For long as fans would care to recall, the Bills have been the least productive and most conservative passing team in the NFL. The facts are damning and undeniable.
Over the last 16 seasons — that is, since Drew Bledsoe’s one good year in Buffalo — the Bills have the fewest total passing yards of any team in the NFL. Not surprisingly, they also have attempted the fewest passes during that time. They've finished in the bottom five 10 times in 16 years, including the last four, when they ranked 28th, 31st, 32nd and 31st.
They have lacked imagination and daring in the passing game. At times, the coaches have been stuck in a bygone era, convinced you can win by running the ball, playing stout defense and having a quarterback who managed the game and limited his mistakes.
The biggest thing, of course, has been the lack of a true franchise quarterback who can make the big throws and pick apart the best defenses. A limited passer has a way of limiting a coaching staff’s willingness to be bold in the passing game.
But maybe it’s finally about to change. It was only one game, and a preseason opener at that, but Thursday's 24-16 win over the Colts might be a sign that the Bills’ offense has finally begun to develop an attitude, that they're committed to being a passing team in a passing league.
On their two possessions with Josh Allen at quarterback, they looked like a team that was determined to attack through the air rather than assume the typically conservative posture of handing off and feeling their way with the run in the early going.
Offensive coordinator Brian Daboll called passes on his first eight plays. It wasn’t perfect. Allen made some very nice throws. He also overthrew Zay Jones badly down the field and underthrew him on third down on the opening series. He reminded you he’s still a young QB whose accuracy at times leaves much to be desired.
But the most important thing was seeing the offense with a fresh mindset. Yeah, it was only the first eight plays of preseason, but it sure felt as if Daboll and the Bills were telling the world that this year was going to be different, that they have a gifted young quarterback with a powerful arm and some new weapons, and they’re going to ride him for better or worse.
Allen threw the ball down the field incomplete for tight end Tommy Sweeney on the very first play. He hit Cole Beasley on a crossing pattern on the next play. It got called back for a penalty, but Allen made a quick read and Beasley was open on a play that has been there all training camp and is expected to be a signature for the offense this season. A good sign.
After only two possessions, Allen gave way to backup Matt Barkley. But it was sufficient time to establish an early identity. Zay Jones got involved as Allen targeted him five times, once when he was wide open for 23 yards out of a four wide receiver set. Jones dropped a pass near the goal-line and took a forearm to the head by the Colts' Khari Willis.
Jones was evaluated for a concussion and was later cleared. Considering the situation with center Mitch Morse, who remains out with a fourth career concussion, it was a troubling moment. But overall, it was an encouraging performance for Jones, a third-year wideout with a lot to prove this season.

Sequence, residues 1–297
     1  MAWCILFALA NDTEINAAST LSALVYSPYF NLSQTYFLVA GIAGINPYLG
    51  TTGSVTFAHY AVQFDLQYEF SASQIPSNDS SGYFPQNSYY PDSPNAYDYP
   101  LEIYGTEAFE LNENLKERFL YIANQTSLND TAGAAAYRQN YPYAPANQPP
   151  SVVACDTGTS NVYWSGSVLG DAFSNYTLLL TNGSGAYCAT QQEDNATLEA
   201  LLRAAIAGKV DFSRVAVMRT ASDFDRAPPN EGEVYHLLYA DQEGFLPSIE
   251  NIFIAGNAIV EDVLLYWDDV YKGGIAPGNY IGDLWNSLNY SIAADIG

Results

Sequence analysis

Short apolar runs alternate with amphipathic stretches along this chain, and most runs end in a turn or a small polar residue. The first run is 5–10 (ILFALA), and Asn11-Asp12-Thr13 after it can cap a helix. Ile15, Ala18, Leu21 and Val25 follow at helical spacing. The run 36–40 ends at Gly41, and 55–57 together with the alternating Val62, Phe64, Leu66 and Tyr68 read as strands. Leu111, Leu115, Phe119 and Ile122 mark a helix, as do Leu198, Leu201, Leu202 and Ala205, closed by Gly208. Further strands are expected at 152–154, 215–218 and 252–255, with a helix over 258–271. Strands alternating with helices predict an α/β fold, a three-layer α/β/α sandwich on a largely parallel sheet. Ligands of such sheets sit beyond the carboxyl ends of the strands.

The entire offense has a lot to prove. But it was a promising opening performance. They attacked and dictated to the Colts defense. Allen looked assured and quick to get rid of the ball. Remember, there was a lot of concern that the offensive line might struggle without Morse. But it’s a lot easier when the plays are being run quickly.
Those first eight plays reminded me a little of the Patriots over the years. The Pats will often come out throwing on every down to put the defense on its heels and establish a tone for the game. All right, so I’m going overboard with parallels to Tom Brady. It’s only the first preseason game. But there was an unmistakable attitude on display with the offense.
“Overall, I thought he took what the defense gave him at times,” coach Sean McDermott said after the win.
That’s the kind of coach-speak that makes you wonder if McDermott is truly on board with developing a more aggressive passing mindset. Taking what the defense gives you is a nice concept, like “process.” But it suggests allowing the other team to dictate your approach with the ball.
After nearly two decades of dull, conservative football, of “taking what the defense gives you,” wouldn’t it be nice if the Bills were the team that dictated, one that acted like it believed in its franchise quarterback and took what it damn well pleased?
It’s about time the Bills offense got into the 21st century. Maybe the days of running on first play and getting into difficult down and distance situations are finally over. If it’s all about Allen, they might as well turn him loose and treat him like a weapon, not some project who needs to have his opportunities for mistakes kept to a minimum.
Allen has more weapons now. One of the biggest might just be Devin Singletary, who looked very good and has people saying he’ll be their best back before long. I’ve been saying that since May. Listen to me, seeing new exciting possibilities in a Bills offense. Maybe, at last, there’s a good reason.
Jerry Sullivan is a sports columnist with over 30 years experience in Western New York, as well as the host of The Jerry Sullivan Show from 9 a.m.-12 p.m. weekdays on 1270 AM The Fan. Follow him on Twitter @ByJerrySullivan or respond via email at email@example.com.